Bring back the ‘bobby on the beat’

Strolling through the Market Square last week (6 April), it was a pleasant surprise to see a police officer on duty in the city centre. Following reported incidents of anti-social behaviour and drinking near the library, PC Catterick had taken to the streets to resolve the problem.

Whatever the problem might have been, PC Catterick appeared to have everything reassuringly under control. Wiltshire Police said that combating this type of behaviour is a “force priority” to promote safer public places, and many people were pleased to see ‘a bobby on the beat’.

This week, a very different story emerged in the Salisbury Journal online on the same topic prompted by a rant by an outraged Cllr Hocking. Concerned by an “…increase in rough sleepers in the Culver Street and Central Car Parks…” as well as “… street drinking and anti-social behaviour…”

He added: “… I am sure we will hear the usual bleating… Waagh Waagh, It’s the Tories, it’s the Tories… but it’s frankly high time the Leaders of this City started to take responsibility for their actions and do something about those issues which had been dealt with for years, but through their own deliberate interventions are now returning to haunt us all…”

This view does not take into account the bigger picture and is not consistent with the view of the Wiltshire Council Conservative administration on tackling anti-social behaviour.

In July 2022, Wiltshire Police commissioner, Paul Wilkinson, presented a more enlightened view of the situation and indicated the police force had a key role to play. He said: “… I am very aware of the incidents that have been happening in Salisbury and inspector Tina Osborn, who is head of the community policing team, is on the case. I have asked her to give priority to solving it…”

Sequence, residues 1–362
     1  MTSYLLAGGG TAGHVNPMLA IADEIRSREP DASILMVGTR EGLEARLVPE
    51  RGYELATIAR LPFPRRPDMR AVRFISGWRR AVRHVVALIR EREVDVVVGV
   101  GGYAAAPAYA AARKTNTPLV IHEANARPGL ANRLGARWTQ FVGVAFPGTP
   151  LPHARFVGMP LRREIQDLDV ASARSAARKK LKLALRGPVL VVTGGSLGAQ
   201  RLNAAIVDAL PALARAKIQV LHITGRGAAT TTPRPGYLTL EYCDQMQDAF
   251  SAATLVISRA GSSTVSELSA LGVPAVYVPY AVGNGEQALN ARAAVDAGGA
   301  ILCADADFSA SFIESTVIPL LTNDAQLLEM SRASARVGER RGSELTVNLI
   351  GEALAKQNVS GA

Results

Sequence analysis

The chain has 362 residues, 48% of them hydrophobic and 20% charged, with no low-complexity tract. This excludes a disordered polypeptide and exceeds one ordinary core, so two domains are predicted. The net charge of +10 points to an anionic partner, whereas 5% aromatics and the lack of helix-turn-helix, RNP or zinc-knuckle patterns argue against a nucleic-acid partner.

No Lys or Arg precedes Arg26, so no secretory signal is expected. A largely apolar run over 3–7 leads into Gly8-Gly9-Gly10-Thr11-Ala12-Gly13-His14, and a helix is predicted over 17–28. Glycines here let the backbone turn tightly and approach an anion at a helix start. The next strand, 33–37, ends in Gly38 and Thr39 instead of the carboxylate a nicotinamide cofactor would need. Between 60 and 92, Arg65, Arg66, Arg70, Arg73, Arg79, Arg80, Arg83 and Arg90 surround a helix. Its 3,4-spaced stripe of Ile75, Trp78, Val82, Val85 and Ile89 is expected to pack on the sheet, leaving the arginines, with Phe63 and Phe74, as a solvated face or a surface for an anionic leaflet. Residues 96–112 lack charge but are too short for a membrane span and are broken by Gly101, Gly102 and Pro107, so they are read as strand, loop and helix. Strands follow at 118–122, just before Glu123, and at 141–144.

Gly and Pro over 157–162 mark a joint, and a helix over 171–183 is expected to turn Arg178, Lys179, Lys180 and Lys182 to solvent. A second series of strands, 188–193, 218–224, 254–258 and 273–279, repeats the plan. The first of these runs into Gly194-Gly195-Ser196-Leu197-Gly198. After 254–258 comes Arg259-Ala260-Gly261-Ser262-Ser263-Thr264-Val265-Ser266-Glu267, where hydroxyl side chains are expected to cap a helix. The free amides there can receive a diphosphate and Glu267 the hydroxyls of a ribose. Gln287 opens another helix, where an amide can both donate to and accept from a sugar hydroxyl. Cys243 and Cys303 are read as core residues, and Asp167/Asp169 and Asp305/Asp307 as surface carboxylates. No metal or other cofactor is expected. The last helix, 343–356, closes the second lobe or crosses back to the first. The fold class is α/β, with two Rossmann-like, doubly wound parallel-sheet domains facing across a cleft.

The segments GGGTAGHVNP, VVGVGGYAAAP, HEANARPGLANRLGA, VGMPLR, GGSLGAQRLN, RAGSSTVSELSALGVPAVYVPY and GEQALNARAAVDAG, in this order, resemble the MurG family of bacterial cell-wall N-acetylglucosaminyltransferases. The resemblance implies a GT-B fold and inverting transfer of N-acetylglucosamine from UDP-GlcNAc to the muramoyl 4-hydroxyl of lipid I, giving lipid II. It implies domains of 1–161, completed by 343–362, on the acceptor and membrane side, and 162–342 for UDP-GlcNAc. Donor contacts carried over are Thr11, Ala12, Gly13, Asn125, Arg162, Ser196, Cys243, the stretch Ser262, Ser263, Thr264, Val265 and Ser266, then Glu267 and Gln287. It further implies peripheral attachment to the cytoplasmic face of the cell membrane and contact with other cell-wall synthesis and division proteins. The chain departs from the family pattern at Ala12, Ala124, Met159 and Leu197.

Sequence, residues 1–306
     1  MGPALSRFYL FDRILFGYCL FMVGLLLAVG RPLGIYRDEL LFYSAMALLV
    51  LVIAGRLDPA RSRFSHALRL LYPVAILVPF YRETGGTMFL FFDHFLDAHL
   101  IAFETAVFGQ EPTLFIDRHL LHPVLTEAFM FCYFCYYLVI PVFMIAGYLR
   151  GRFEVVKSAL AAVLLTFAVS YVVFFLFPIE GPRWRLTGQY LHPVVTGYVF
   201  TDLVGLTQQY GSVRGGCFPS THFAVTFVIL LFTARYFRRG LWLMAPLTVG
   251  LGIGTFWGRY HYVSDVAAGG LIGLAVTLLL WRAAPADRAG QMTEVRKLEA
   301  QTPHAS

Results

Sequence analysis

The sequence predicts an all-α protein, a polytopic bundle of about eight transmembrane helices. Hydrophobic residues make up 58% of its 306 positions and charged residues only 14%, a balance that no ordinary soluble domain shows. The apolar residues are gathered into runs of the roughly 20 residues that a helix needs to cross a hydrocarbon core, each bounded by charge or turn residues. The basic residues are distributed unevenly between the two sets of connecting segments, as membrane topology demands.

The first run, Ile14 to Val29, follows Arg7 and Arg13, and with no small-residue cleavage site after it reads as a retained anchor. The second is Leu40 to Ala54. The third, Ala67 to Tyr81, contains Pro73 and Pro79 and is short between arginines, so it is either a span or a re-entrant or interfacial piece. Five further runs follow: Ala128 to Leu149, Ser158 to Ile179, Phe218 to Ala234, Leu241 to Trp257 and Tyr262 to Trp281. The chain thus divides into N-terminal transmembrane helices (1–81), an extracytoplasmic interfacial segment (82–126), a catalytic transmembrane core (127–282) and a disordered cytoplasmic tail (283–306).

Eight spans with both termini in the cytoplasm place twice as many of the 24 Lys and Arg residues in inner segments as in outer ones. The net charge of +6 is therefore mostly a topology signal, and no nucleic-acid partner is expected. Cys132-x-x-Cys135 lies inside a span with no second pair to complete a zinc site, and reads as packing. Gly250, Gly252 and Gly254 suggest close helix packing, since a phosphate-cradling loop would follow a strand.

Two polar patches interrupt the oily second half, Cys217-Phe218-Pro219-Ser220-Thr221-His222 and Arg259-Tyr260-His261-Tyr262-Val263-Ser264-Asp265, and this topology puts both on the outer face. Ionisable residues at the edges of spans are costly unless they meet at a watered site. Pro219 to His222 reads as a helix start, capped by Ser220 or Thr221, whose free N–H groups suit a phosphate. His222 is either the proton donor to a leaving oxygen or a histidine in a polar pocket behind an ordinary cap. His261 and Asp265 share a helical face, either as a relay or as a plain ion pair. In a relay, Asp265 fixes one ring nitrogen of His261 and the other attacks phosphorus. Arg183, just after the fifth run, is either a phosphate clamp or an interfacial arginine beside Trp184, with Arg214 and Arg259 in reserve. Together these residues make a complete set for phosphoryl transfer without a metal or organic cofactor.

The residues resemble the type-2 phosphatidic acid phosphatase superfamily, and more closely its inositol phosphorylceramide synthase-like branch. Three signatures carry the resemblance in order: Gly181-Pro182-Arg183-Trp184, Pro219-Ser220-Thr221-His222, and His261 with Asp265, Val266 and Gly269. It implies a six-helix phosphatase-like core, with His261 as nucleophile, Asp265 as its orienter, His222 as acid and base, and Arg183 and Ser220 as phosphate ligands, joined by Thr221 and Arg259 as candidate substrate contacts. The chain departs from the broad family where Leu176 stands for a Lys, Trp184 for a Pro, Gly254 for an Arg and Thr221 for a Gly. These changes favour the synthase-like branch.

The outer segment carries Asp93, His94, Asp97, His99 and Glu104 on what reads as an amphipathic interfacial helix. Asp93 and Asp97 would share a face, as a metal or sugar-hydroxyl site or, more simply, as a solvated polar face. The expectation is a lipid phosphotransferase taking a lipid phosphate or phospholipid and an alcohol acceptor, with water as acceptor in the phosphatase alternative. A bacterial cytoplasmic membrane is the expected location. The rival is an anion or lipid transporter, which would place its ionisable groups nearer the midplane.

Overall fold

Mr Wilkinson stated: “You can’t say there is a general rise…” in ASB across the board, hot spots suddenly form as more crimes ‘flair up’. This could be because of “all sorts of social and underlying economic reasons.”

His approach aims to address the methods police have been using previously. He said: “ …Traditionally, the police are trying to figure out who to talk to. The job of my office is to facilitate police action and deliver a multi-agency approach…”

He also acknowledges there is still a need for a police station in Salisbury, like many other cities who lost theirs during widespread government cuts to the force.

Last month, the prime minister said that a £160 million plan will “stamp out” anti-social behaviour “once and for all” as he pledged more police patrols and swifter punishments for those blighting communities.

This is another government ‘sticking plaster’ solution for a national issue. Clearly, a parish council has an obligation to work with the police, but has neither the capacity nor the budget to take the lead responsibility.

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